# P-solvable not implies Glauberman type for p

This article gives the statement and possibly, proof, of a non-implication relation between two group properties. That is, it states that every group satisfying the first group property (i.e., p-solvable group) need not satisfy the second group property (i.e., group of Glauberman type for a prime)
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## Statement

It is possible to have a prime number $p$ and a finite group $G$ such that $G$ is $p$-solvable (i.e., is a p-solvable group) but not a group of Glauberman type for $p$.

In fact, this is possible for the primes $p = 2,3$.

## Proof

### Example at the prime two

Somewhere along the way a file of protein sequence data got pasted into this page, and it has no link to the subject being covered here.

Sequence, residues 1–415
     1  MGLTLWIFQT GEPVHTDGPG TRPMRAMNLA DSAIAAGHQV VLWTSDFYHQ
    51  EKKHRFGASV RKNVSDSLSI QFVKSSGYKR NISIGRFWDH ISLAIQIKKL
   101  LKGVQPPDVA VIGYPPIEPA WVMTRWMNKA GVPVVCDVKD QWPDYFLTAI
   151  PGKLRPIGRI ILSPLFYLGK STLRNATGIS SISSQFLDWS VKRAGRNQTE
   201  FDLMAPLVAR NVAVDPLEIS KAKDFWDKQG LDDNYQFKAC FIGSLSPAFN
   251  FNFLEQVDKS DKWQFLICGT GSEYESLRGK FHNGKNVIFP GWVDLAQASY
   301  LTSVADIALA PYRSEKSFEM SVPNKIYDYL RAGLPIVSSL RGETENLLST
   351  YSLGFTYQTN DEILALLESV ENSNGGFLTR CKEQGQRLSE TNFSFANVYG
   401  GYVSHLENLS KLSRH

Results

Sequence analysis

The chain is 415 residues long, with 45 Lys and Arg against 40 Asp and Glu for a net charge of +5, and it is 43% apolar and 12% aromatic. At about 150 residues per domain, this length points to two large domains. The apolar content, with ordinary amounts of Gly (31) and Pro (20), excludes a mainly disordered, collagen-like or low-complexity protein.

Further information: symmetric group:S4

Consider the prime $p = 2$ and the group $G = S_4$, the symmetric group on the set $\{ 1,2,3,4 \}$. $G$ is a solvable group, and hence is $2$-solvable. However, $G$ is not of Glauberman type for the prime two, because if we take $P$ as the $2$-Sylow subgroup generated by $\{ (1,2,3,4), (1,3) \}$, then $Z(J(P)) = \{ (), (1,3)(2,4)\}$. In this case, we have:

$O_{2'}(G)N_G(Z(J(P))) = P \ne G$.

### Example at the prime three

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